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1.
Article | IMSEAR | ID: sea-196485

ABSTRACT

Context: The diagnosis of prostatic adenocarcinoma on histopathology depends on architectural and cytomorphological features supported by immunohistochemistry (IHC). Though all the prostate markers show excellent specificity, the sensitivity and percentage positivity vary. Aims: In this study, we aim to study the expression of prostein in normal, benign, and malignant (primary and metastatic) lesions with particular emphasis on its utility in the differential diagnosis of poorly differentiated and metastatic prostatic adenocarcinoma along with a standard panel of IHC markers. Settings and Design: This was both a prospective and retrospective as well as descriptive and observational study. Subjects and Methods: All samples from patients with clinically suspected carcinoma prostate from both primary and metastatic sites from June 2015 to May 2016 were included in the study. Samples with difficulty in diagnosis on hematoxylin and eosin staining were subjected to a panel of IHC markers along with prostein. Statistical Analysis Used: Receiver operating curve analysis and Chi-square test. Results: Prostein showed a 100% sensitivity and specificity to identify normal prostatic epithelium, benign and premalignant lesions, and prostatic adenocarcinoma. Prostein showed a specificity of 100% in differentiating prostatic carcinoma from poorly differentiated urothelial carcinoma and in differentiating metastatic prostatic carcinoma from adenocarcinoma of nonprostatic origin. Conclusions: Prostein is a new and promising prostate-specific marker that showed slightly more sensitivity and specificity than prostate-specific antigen. Thus, adding prostein to the IHC panel will greatly improve the detection of poorly differentiated primary and metastatic lesions of the prostate.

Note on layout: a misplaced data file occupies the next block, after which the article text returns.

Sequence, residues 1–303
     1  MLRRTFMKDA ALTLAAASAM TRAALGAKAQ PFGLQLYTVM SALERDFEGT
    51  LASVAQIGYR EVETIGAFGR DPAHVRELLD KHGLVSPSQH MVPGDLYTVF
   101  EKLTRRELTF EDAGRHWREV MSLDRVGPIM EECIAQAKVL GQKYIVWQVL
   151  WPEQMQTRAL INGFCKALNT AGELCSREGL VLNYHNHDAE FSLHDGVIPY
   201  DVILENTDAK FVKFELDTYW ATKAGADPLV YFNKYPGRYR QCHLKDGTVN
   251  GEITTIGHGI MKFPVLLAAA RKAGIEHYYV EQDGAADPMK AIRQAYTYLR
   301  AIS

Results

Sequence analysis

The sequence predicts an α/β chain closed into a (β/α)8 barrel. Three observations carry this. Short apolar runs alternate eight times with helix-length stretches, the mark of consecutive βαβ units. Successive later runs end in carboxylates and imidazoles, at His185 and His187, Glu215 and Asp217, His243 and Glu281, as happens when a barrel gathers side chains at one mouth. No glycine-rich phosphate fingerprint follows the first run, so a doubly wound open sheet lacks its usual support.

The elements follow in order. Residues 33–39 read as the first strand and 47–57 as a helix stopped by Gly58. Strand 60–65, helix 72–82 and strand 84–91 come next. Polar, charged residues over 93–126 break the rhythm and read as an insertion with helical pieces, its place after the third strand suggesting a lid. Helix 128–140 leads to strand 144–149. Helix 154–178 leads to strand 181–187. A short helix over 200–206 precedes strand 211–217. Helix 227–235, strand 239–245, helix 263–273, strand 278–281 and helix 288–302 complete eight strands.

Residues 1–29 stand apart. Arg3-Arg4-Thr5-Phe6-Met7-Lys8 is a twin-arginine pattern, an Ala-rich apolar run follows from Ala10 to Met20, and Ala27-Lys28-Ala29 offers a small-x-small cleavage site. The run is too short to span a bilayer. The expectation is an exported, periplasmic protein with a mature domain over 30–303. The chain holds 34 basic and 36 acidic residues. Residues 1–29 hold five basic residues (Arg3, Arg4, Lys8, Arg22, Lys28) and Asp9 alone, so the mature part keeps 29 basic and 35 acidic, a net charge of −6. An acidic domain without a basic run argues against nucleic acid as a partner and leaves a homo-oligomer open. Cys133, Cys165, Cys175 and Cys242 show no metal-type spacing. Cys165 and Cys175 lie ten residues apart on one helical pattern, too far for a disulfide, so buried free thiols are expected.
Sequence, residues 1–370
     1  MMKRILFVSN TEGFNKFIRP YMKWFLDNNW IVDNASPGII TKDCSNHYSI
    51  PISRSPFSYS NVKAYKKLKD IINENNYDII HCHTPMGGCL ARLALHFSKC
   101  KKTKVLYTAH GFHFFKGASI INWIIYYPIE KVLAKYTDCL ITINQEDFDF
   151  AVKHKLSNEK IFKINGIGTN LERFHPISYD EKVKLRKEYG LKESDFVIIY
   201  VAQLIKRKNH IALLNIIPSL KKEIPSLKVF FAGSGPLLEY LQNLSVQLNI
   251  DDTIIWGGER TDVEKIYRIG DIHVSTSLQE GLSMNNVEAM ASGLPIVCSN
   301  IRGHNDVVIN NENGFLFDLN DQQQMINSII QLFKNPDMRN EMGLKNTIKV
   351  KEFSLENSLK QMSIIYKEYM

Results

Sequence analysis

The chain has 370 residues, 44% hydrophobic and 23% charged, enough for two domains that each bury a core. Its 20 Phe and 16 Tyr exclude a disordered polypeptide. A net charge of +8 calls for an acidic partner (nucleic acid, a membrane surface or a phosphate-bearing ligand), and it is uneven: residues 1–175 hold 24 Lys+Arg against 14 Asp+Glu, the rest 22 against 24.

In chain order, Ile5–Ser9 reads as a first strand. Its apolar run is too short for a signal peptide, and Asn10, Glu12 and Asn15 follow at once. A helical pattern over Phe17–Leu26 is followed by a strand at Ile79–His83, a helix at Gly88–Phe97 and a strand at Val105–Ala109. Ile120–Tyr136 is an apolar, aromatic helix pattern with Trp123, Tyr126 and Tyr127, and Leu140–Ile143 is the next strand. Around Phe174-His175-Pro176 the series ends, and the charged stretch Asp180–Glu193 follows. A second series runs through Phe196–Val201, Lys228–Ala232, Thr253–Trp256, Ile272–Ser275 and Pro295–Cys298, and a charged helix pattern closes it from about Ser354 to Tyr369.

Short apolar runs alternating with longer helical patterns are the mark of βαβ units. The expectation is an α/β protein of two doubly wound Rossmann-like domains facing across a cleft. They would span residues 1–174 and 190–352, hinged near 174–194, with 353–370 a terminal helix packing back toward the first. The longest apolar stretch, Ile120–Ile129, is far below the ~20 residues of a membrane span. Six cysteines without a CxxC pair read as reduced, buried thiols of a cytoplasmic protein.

2.
Article | IMSEAR | ID: sea-190049

ABSTRACT

A population density of Emerita asiatica in relation to sand organic carbon in the Nemmeli beach, East coast, Kanchipuram District of Tamil Nadu was studied. Specimens were collected once in a fortnight from April 2017 to March 2018 by hand picking method in the intertidal region of Nemmeli beach. The total sand organic carbon level was recorded once in a fortnight. The population presented a smaller incidence of males in relation to females (48.66:51.34); however, in May 2017 an inverse pattern occurred (73:27). Ovigerous females were present in all samples with greater frequencies in October and November 2017 whereas, the highest juveniles were present in May and September 2017. The variation noted in a population of Emerita asiatica showed there is a relationship to sand organic carbon fluctuations; it can be determined that the sand organic carbon fluctuations have an influence on the population density of this species in Nemmeli beach. Hence, the rather stable sand organic carbon throughout the year and moderate changes in the sand may well be conducive to population biology of Emerita asiatica

3.
Article | IMSEAR | ID: sea-196209

ABSTRACT